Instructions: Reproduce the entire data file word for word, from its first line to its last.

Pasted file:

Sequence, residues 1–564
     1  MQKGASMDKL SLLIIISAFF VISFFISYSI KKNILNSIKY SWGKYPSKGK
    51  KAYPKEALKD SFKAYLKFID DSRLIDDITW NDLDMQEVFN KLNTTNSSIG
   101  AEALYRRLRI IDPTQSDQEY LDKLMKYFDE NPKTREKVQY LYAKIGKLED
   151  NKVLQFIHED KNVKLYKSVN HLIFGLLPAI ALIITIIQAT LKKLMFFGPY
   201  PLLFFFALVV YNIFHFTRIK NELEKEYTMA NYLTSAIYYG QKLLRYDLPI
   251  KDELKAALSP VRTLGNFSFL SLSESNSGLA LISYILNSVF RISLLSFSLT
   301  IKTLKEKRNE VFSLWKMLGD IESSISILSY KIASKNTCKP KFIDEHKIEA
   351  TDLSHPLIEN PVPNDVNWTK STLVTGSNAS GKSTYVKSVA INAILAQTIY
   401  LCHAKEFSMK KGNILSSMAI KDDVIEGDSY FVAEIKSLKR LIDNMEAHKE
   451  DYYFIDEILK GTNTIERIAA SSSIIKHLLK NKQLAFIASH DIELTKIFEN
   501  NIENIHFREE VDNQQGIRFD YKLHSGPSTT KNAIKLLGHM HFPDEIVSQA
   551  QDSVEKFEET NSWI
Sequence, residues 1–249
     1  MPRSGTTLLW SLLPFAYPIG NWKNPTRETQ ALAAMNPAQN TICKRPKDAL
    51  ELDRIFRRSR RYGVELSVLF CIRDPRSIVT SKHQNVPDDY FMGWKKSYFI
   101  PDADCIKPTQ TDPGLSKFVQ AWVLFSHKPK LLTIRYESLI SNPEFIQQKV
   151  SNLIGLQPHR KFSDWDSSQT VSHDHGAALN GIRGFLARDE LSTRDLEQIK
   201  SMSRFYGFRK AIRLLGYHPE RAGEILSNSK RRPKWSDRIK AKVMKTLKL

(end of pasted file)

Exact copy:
Sequence, residues 1–564
     1  MQKGASMDKL SLLIIISAFF VISFFISYSI KKNILNSIKY SWGKYPSKGK
    51  KAYPKEALKD SFKAYLKFID DSRLIDDITW NDLDMQEVFN KLNTTNSSIG
   101  AEALYRRLRI IDPTQSDQEY LDKLMKYFDE NPKTREKVQY LYAKIGKLED
   151  NKVLQFIHED KNVKLYKSVN HLIFGLLPAI ALIITIIQAT LKKLMFFGPY
   201  PLLFFFALVV YNIFHFTRIK NELEKEYTMA NYLTSAIYYG QKLLRYDLPI
   251  KDELKAALSP VRTLGNFSFL SLSESNSGLA LISYILNSVF RISLLSFSLT
   301  IKTLKEKRNE VFSLWKMLGD IESSISILSY KIASKNTCKP KFIDEHKIEA
   351  TDLSHPLIEN PVPNDVNWTK STLVTGSNAS GKSTYVKSVA INAILAQTIY
   401  LCHAKEFSMK KGNILSSMAI KDDVIEGDSY FVAEIKSLKR LIDNMEAHKE
   451  DYYFIDEILK GTNTIERIAA SSSIIKHLLK NKQLAFIASH DIELTKIFEN
   501  NIENIHFREE VDNQQGIRFD YKLHSGPSTT KNAIKLLGHM HFPDEIVSQA
   551  QDSVEKFEET NSWI
Sequence, residues 1–249
     1  MPRSGTTLLW SLLPFAYPIG NWKNPTRETQ ALAAMNPAQN TICKRPKDAL
    51  ELDRIFRRSR RYGVELSVLF CIRDPRSIVT SKHQNVPDDY FMGWKKSYFI
   101  PDADCIKPTQ TDPGLSKFVQ AWVLFSHKPK LLTIRYESLI SNPEFIQQKV
   151  SNLIGLQPHR KFSDWDSSQT VSHDHGAALN GIRGFLARDE LSTRDLEQIK
   201  SMSRFYGFRK AIRLLGYHPE RAGEILSNSK RRPKWSDRIK AKVMKTLKL